This is where the older, deep-time fossil record comes in. Life on Earth has survived quite a few mass extinctions and even more climate crises, including many ice ages and greenhouse climates. (In fact, the normal state of the Earth is change, not stasis! But more on that in the future.) Perhaps we can’t go back millions of years to study a particular oyster or a special reef ecosystem, but we can look at ancient species and ecosystems in refugia and understand the general principles of what made those refugia successful, or what it is that species require of refugia. And we can compare refugia through space and time to understand those principles that are generalizable for refugia success, no matter the species, system, or habitat. Those sorts of things are directly applicable to creating present-day and future protected areas. We can’t answer specifically “how many square kilometres should be set aside for Marine Protected Area X for this particular fish species?” but we can answer questions like, “which is better, one big refugium or several little, connected protected areas?” or “how long will we need marine protected areas in the future?”

So, that’s the introduction to refugia. Stay tuned for some of the questions I’ve asked the fossil record about refugia, and some of the answers I have investigated!4


1 Today, we know that Darwin’s ideal range shift of entire ecosystems never existed. Instead, the Northern Hemisphere was a mosaic or mixture of species from many ecosystems, and animals moved among that mosaic. If you were to go back in time, you wouldn’t have quite the same forest then as you’d know today; it might have a mixture of northern and southern trees too. Not to mention the mammoths and giant sloths moving among those trees!

Furthermore, my research shows that ecosystems almost never move together as a whole into refugia. In the fossil record, I’ve found only two examples of refugia where the ecosystem, or a particular portion of the ecosystem, stayed intact. Most refugia instead were a mix of species that were present when the refugia formed and other species that moved to refugia from elsewhere in the world, plus a few species that either moved out of the refugia or went extinct. More on this later.

His discussion on southward movement of ecosystems is found in the Origin of Species:

Darwin, C. (1859) On the origin of species by means of natural selection, or the preservation of favoured races in the struggle for life. John Murray, London

2 Packard, A.S. (1886) Geological extinction and some of its apparent causes. American Naturalist, vol. 20, pp. 29–40

3 This was an interesting example from the Serpukhovian mass extinction (also known as the Late Mississippian or Early Carboniferous mass extinction, around 323 million years ago) of a failed refugium. The Serpukhovian mass extinction was the seventh greatest of all time (see Powell, 2008 for references and a good discussion of this extinction). This title has since been challenged, suggesting that it should be one of the “Big 5,” placing the extinction at fifth greatest, knocking the Late Ordovician mass extinction out of the top 5 (McGehee et al., 2012).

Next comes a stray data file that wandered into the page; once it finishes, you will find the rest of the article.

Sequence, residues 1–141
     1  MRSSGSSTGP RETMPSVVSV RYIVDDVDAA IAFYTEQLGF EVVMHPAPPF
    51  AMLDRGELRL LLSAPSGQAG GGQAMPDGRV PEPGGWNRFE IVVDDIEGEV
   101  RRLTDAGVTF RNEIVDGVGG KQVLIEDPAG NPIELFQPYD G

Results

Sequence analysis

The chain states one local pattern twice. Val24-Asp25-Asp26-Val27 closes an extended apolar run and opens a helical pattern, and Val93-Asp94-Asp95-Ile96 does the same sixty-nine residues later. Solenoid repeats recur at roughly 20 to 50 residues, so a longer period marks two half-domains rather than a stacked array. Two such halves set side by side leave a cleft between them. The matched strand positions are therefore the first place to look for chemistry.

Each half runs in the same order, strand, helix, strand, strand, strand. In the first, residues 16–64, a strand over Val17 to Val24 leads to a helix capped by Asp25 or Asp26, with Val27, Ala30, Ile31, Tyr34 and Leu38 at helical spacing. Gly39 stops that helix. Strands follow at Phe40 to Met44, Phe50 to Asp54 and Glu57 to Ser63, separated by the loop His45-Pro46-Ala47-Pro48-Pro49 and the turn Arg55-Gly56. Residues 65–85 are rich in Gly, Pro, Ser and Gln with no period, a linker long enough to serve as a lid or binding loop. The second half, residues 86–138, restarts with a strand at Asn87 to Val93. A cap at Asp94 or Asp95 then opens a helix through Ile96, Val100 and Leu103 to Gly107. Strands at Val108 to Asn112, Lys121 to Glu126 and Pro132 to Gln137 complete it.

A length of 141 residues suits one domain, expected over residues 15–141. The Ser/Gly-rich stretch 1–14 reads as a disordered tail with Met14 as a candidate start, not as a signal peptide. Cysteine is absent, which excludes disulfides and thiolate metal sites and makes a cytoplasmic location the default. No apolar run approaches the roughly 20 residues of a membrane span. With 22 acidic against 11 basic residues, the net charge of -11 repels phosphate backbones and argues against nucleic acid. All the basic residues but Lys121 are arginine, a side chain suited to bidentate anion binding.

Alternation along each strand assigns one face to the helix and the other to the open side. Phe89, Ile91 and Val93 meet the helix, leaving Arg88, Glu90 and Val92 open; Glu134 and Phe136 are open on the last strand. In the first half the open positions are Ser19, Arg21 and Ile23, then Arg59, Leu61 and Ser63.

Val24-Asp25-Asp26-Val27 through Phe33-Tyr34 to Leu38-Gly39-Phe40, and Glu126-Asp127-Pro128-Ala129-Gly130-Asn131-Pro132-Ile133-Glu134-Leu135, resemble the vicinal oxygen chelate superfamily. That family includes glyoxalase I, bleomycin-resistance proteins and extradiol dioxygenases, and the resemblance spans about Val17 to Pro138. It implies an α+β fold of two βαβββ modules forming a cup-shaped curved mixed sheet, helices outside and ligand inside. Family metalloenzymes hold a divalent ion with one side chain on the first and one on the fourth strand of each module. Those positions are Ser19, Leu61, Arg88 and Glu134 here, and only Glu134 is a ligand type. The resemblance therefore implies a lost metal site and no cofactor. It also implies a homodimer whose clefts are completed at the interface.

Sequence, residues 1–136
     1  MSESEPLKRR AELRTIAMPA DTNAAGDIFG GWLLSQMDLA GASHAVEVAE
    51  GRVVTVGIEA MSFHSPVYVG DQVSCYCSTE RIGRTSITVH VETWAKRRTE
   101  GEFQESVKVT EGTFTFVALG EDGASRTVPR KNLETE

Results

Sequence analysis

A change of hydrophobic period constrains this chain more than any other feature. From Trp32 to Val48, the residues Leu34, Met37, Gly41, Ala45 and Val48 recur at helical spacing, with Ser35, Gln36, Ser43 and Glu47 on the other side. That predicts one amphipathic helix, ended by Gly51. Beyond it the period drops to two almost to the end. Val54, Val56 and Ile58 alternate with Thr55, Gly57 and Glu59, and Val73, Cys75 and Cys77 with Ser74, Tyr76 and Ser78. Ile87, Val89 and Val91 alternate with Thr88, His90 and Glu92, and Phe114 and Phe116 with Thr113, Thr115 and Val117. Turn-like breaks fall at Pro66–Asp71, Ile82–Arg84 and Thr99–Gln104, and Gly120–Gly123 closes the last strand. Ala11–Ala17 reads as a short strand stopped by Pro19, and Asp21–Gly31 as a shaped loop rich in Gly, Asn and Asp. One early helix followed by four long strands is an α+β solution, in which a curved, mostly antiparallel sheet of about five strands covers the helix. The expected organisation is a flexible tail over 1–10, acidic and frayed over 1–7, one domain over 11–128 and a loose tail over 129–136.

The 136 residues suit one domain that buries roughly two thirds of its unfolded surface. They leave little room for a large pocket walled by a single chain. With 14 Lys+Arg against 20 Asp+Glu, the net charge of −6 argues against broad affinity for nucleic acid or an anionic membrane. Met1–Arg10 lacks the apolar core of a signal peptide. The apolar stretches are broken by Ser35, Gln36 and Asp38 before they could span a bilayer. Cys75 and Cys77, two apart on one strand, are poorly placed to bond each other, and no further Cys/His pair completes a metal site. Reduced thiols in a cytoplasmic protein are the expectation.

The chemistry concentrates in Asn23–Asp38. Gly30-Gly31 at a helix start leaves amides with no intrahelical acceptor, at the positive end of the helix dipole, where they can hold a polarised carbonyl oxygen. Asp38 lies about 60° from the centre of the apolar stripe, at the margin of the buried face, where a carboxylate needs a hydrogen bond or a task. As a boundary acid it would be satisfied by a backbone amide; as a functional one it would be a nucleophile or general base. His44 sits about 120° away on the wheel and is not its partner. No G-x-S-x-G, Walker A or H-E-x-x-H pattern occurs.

During and after the extinction, the Tindouf Basin served as a refugium for many species. The Tindouf Basin was a sea connected to the remnants of the ancient Rheic Ocean. The sediments of the Tindouf Basin – including its fossil record – are now preserved in rocks in mountains crossing the Morocco and Algeria border. The refugium itself was initially successful, and the ecosystem in the basin remained intact and thrived, because it was isolated from the crisis in the rest of the world by ocean currents.

(Here is an example of ocean currents helping to isolate an area for a refugium. Thus, perhaps the study of ocean currents would also help locate good areas for present-day and future refugia, protecting animals and seaweeds from warming, ocean acidification, pollution, etc.)

The Tindouf Basin refugium ultimately failed because it was in a zone of active tectonism. That means that the tectonic plates were actively moving in that region, and as they moved, the Tindouf Basin slowly raised upward so that eventually the ocean water drained from the sea and the animals perished. This process of raising – or uplift – happened over millions of years, so it’s not something we would have to be concerned with in the refugia we make! None of the species escaped that refugium, so it became what I call a “refugial trap” – a place that starts out as a good haven for species to survive, but then ultimately fails and turns deadly.


Cozar, P., Vachard, D., Somerville, I.D., Medina-Varia, P., Rodriguez, S., Said, I. (2014) The Tindouf Basin, a marine refuge during the Serpukhovian (Carboniferous) mass extinction in the northwestern Gondwana platform. Palaeogeography, Palaeoecology, Palaeoclimatology vol. 394, pp. 12-28

Powell, M.G. (2008) Timing and selectivity of the Late Mississippian mass extinction of brachiopod genera from the Central Appalachian Basin. Palaios, vol. 23, pp. 525-534.

McGehee, Jr., G.R., Sheehan, P.M., Bottjer, D.J., Droser, M.L. (2012) Ecological ranking of Phanerozoic biodiversity crises: the Serpukhovian (Early Carboniferous) had a greater ecological impact than the end-Ordovician. Geology vol. 40, pp. 147-150.

4 Schneider, C.L. (2018) Refugia past, present, and future: lessons from ancient geologic crises for modern marine ecosystem conservation. In Tyler, C.L. and Schneider, C.L., eds., Conservation Paleobiology, pp. 163-208